Ничего́ (nothing) one of these seemingly basic words that you learn in the first months of learning Russian. However, it is also one that appears in a number of idioms and expressions that are not immediately obvious to the learner.
1. Ничего for doing well
Ничего is a popular response to the question “Как дела́?” It is a neutral answer, roughly equivalent to “alright.” Another answer with a similar meaning is “Норма́льно” or “Потихо́ньку.”
2. Ничего (стра́шного) for no worries
Ничего can also be a response to “Извини́те” (I’m sorry) or any other apology or explanation.
– Я забы́л поли́ть цветы́ (I forgot to water the flowers).
– Ничего́ стра́шного (That’s OK).
3. Ничего́ себе! for surprise
Ничего себе is used to express surprise or amazement. Many people oppose what they see as unjustified use of borrowed interjections like “ва́у” (wow) and prefer to use expressions like ничего себе or у́х ты!
– У мое́й ба́бушки бы́ло пя́теро дете́й (My grandma had five children).
– Ничего себе! (Oh wow!)
Ни фига́ себе is a colloquial and some would say vulgar variant of this phrase. There are many other similar expressions, some quite vulgar, that follow the same syntactic pattern and convey amazement.
4. Ничего for approval
Ничего can also mean that something or someone is alright or cool. “А до́мик у них ничего” (Their house is not too shabby). When used about a person, this usually refers to their looks. “А сосе́дка-то вполне́ ничего́” (Our neighbor is quite alright).
5. Ничего не поделаешь for acceptance
Ничего́ не поде́лаешь is used to express resignation and acceptance of the situation. Literally, the phrase means “there’s nothing we can do.”
Ничего не поделаешь, пришло́сь встре́чать Но́вый год в аэропорту́. – We had no choice but to celebrate the New Year at the airport. [As you may know, New Year’s is the biggest holiday of the year in Russia, and you don’t want to miss out on it.]
Are there any other expressions with ничего you can think of? This seemingly simple word is used in ways that may be unique to Russian and not obvious from its primary meaning, so I hope this post is useful. I would like to finish it with a song that makes extensive use of this word.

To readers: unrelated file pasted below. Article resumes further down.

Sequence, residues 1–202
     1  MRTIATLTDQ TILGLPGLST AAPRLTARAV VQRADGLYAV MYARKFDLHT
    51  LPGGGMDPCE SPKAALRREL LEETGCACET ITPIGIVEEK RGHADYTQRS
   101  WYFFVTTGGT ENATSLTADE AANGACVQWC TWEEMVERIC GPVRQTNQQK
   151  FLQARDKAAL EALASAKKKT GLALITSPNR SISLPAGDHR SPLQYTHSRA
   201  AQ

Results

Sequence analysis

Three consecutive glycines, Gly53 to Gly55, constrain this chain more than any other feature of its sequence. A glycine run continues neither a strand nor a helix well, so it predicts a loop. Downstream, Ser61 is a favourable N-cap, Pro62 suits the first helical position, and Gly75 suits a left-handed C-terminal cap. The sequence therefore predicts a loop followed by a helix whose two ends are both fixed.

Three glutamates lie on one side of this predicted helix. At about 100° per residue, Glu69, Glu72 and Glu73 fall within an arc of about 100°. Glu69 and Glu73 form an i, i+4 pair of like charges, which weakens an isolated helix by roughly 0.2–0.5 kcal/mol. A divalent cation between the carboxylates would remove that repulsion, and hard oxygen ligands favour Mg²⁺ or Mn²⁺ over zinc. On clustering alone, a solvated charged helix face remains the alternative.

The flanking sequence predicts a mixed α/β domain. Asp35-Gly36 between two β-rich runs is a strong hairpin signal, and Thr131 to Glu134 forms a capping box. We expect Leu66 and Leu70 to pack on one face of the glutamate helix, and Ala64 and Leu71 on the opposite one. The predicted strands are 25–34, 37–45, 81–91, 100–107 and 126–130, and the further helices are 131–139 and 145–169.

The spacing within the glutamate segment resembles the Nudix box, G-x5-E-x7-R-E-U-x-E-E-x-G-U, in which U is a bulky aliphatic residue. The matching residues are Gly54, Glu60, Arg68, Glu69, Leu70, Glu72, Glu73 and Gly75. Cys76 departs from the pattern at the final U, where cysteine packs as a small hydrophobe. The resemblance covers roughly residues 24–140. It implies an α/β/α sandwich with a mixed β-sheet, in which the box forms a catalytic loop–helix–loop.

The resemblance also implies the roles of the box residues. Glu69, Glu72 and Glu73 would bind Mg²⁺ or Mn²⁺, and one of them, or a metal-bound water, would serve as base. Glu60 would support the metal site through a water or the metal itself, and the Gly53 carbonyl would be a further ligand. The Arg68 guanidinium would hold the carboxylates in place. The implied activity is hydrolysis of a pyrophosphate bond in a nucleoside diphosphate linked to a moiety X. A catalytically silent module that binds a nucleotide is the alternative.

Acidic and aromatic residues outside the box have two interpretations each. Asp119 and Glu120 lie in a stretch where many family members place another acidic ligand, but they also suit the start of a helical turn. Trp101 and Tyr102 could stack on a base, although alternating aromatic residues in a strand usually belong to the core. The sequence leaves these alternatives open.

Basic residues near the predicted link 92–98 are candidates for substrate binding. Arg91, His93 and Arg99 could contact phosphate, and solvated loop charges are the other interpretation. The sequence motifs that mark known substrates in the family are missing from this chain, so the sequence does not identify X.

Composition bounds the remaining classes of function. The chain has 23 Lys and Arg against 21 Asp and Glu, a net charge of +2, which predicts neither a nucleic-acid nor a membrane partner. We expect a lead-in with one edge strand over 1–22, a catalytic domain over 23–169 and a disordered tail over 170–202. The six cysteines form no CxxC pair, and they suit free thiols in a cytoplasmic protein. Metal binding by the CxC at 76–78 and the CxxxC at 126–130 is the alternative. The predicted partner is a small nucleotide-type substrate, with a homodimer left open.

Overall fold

The age of the “Social Network” is upon us. Sites like Facebook, Twitter, Instagram, and others, have popped up over the last ten years or so and dramatically changed our lives. These sites have greatly impacted our lives and they have been responsible for many things such as: increase in narcissistic behavior (i.e. selfies), entertainment, sharing photos and experiences with friends/family, overthrowing governments, and so on. The point is this: social networking is powerful, here to stay, and flourishing everywhere. It is interesting to note that the same social networking sites that flourish in one country may be obsolete in another. This post is about the social networking sites that are popular right now in Russia.
1.VKontakte (VK) is currently the most popular social networking site in Russia with just around 53 million users. VKontakte is the largest social network in Europe and it allows its users to send messages, create groups, share photos/audio/video, and so on. Nearly 25 percent of its members are under the age of 18. The odd resemblance to Facebook makes me wonder about who is really behind this project :-)…
The second most popular site is 2.Odnoklassniki (classmates). This site deals with helping current and former classmates and friends connect with one another. What I found interesting about this site was that you had to be at least seven years old to have an account.
3.Moi Mir (My World) is next on the list. It is run by mail.ru and attracts older people. Like Odnoklassniki, people go there to socialize. Nearly 70 percent of its members are women and over 50 percent are over the age of 45.
4.Facebook is phenomenal on the world’s stage, however, in Russia it is still climbing to the top. It does well in terms of number of subscribers but not in terms of activity. For that matter, 5.Twitter averages a great deal more posts per month than Facebook – Twitter averages about 12 times more posts per user per month.
Rutube is Russia’s version of Youtube and it is immensely popular. For those learning to speak Russian, you might really enjoy all of the videos on every topic imaginable. You must be able to read a bit to navigate the site but it is well worth it.
Although there are so many social media sites to visit in your own country, it can be fascinating to check out those in another. For those of you that grew up in another country and emigrated, these sites can really help you when you are homesick or just trying to reconnect with people. You might agree that there has never been an easier time to connect with people – the world is getting smaller by the second